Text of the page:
Steve Lindsey, a longtime UofL employee, will participate in the Fight for Air Climb Feb. 3 his third time participating since receiving a double-lung transplant.
Steve Lindsey, a longtime UofL employee, will participate in the Fight for Air Climb Feb. 3 his third time participating since receiving a double-lung transplant.

On May 7, 2015, longtime UofL employee Steve Lindsey received a set of new lungs after an idiopathic pulmonary fibrosis diagnosis turned his world around in 2013.

On Feb. 3, just days after his 60th birthday, Lindsey will participate in the American Lung Association’s Fight for Air Climb. This will be his third time doing the event, which entails a 38-floor, 768-step climb in the National City Tower in downtown Louisville. He hopes to clear the course in a personal record time, but more importantly, he hopes his participation will help get the word out about organ donation.

“It does not matter whether you believe that when you die you go to the streets of gold or you fade into oblivion. You won’t need your heart, your lungs, your liver. Be a donor and save someone else’s life,” Lindsey said. “That’s what someone did for me. I’m trying to pay it back by doing as much as I can for others and living the life I’m living.”

Lindsey has been a UofL employee for 35 years, starting as a program analyst I and working his way up to programmer IV. Since, the university has inextricably been a part of his life. He earned a bachelor’s degree from UofL in 2010 and his wife Lisa also works in the IT department at Miller IT Center – she’s in row F and he is in row E. The two, who have been married for 22 years, established the George W. Springstube Scholarship to help provide support to a Kentucky resident attending the Speed School of Engineering and majoring in Mechanical Engineering.

The couple parks in the Fairfax Building lot not far from MITC. During the summer of 2010, Lindsey began noticing that the walk to his office was becoming a bit more laborious.

“I would be out of breath and panting by the time I got there. My doctor told me it was because I was over 50 years old and over 50 pounds overweight. Old, fat guys get tired,” he said.

Lindsey’s doctor encouraged him to lose weight, but his breathing issues persisted. One day it was so bad, a student asked him if he was OK.

In the spring of 2013, he made an appointment with UofL’s Dr. Jesse Roman, who headed up the interstitial lung program. Roman made the IPF diagnosis.

Idiopathic pulmonary fibrosis is a disease in which tissue deep in your lungs becomes thick and scarred over time. As the lung tissue thickens, the lungs can’t properly move oxygen into the bloodstream. IPF affects about 200,000 people a year. There is no cure and many people live only about 3 to 5 years after diagnosis, according to the National Heart, Lung, and Blood Institute.

“My lungs were impaired. I couldn’t force more air in. I remember that feeling very well,” Lindsey said.

He continued to get around with the help of oxygen for about another year. But in 2014, his condition worsened.

“I would be carrying one oxygen tank in my shoulder bag, and my wife would take three more tanks in her shoulder bag. We went to a museum in Jackson, Mississippi, and I knew I was getting low on oxygen. I thought I could make it back to the car, but I was wrong. I can’t tell you how terrifying that was,” Lindsey said. “It was in that moment that I realized if I don’t get on the donor waiting list, I was going to die.”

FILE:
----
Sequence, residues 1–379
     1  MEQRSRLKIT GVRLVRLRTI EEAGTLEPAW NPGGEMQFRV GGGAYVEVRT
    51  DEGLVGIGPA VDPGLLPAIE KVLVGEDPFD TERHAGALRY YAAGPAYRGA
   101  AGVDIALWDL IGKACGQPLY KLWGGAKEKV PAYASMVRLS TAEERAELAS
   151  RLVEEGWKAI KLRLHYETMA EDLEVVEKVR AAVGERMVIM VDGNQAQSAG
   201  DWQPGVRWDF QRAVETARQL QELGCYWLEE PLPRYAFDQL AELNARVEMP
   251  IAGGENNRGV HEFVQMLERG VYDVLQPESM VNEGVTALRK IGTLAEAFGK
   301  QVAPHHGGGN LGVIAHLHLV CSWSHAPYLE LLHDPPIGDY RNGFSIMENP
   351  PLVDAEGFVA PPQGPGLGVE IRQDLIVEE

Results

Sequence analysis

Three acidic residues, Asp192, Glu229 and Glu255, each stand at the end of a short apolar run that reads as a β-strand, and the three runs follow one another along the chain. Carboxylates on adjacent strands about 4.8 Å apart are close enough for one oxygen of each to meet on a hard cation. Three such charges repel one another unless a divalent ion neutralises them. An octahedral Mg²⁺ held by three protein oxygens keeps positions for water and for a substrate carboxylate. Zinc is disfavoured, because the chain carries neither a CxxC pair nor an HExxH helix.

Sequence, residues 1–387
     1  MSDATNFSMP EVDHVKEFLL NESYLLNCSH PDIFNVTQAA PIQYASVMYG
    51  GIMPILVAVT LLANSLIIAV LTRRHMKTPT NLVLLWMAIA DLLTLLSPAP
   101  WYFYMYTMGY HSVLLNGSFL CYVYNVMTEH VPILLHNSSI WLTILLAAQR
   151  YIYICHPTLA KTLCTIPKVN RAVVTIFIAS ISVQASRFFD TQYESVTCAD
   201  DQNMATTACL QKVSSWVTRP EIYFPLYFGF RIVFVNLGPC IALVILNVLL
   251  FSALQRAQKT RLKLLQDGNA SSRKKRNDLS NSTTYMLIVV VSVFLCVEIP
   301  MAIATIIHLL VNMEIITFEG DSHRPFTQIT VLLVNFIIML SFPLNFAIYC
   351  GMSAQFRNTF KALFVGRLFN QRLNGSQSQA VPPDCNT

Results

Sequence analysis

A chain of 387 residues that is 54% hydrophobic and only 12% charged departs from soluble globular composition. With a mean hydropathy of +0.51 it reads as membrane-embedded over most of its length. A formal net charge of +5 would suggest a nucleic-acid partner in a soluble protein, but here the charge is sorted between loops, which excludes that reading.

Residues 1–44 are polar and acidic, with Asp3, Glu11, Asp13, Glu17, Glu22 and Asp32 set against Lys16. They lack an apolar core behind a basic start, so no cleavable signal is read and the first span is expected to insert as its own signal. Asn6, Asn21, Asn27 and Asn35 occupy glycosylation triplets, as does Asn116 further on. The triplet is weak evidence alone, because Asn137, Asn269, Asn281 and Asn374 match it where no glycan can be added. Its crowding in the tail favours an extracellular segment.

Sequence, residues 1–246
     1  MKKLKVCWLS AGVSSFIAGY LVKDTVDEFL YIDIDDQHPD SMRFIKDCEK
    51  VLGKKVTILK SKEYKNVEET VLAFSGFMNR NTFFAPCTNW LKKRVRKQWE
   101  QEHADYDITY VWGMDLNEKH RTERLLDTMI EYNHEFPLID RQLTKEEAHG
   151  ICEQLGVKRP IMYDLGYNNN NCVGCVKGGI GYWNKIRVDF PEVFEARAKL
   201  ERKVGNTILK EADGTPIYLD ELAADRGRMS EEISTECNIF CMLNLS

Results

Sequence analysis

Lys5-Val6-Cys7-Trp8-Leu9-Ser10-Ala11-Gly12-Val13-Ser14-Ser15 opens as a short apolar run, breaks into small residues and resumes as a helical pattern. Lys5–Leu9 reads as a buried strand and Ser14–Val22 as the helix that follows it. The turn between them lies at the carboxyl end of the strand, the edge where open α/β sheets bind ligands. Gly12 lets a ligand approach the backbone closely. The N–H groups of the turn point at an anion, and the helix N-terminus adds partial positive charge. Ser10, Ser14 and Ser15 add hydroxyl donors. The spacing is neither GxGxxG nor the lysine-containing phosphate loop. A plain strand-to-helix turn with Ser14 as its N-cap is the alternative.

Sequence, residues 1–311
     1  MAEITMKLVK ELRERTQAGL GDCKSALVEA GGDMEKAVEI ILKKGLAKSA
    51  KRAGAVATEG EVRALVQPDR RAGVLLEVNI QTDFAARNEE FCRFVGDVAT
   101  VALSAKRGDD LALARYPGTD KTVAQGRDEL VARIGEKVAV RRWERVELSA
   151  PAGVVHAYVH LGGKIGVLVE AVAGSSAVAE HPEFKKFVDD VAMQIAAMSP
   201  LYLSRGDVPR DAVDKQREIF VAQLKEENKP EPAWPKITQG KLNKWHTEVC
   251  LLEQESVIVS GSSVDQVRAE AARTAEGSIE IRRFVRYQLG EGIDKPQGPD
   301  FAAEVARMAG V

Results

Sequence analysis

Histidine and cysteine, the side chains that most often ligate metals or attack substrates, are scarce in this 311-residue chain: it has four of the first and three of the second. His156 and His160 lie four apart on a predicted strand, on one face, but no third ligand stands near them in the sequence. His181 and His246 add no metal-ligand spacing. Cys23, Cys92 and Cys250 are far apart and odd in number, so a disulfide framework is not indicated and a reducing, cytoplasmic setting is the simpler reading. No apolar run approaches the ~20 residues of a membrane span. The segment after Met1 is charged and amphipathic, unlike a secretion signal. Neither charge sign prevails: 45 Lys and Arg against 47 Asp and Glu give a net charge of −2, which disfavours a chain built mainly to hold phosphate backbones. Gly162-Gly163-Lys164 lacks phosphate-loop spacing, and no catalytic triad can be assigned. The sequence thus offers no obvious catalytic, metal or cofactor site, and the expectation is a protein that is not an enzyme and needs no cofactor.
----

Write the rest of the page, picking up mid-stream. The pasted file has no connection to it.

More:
His call came around 1:30 p.m. on a Thursday afternoon in May 2015. Lindsey was at work and asked his colleagues to let Lisa know it was time for them to gather their things and head to the hospital.

“Everyone I worked with gathered and was clapping as we walked out. It was a very emotional moment. My coworkers had seen me struggling to get into the building. They had supported me through all of it,” Lindsey said.

Lindsey recalls very specific details about the process leading up to his surgery – the skinny table, the bright blue cloth – but the anesthesia hit quickly. He woke up the subsequent Saturday afternoon around 3:30 p.m.

“I heard Lisa say ‘he’s awake.’ She then looked at me and told me it was all right,” Lindsay said, fighting back tears. “The only thing that kept me from losing it was Lisa being there and telling me it was OK.”

Steve Lindsey embraces his wife, Lisa, also a UofL employee, after the 2016 Fight for Air Climb event.
Steve Lindsey embraces his wife, Lisa, also a UofL employee, after the 2016 Fight for Air Climb event.

Lindsey hasn’t experienced any post-transplant complications. In fact, he has thrived. In October, just six months after his double lung transplant, Lindsey ran his very first half marathon. Days later, he returned to work at UofL.

He has since completed six half marathons and has lost count of how many 5K races he’s run.

“I wasn’t athletic prior to this. In fact, I was the consummate couch potato,” Lindsey said.

In 2015, nine months after his surgery, a representative from the American Lung Association asked him to participate in the Fight for Air Climb. It took him 24 minutes. He did it again last year, this time in 19 minutes.

“I think I’m the only lung transplant person doing this. This year, I’ll be doing this again and again with someone else’s lungs in my chest and, this year, I’ll be 60,” Lindsey said.

He hopes some UofL students and employees will join him. A few have already committed.

“UofL has been a huge support to me during this and such a big part of my life for so long,” Lindsay said. “I love being here. My friends are here. My social life is here. I am proud to be a part of it.”

See more of Lindsey’s story below: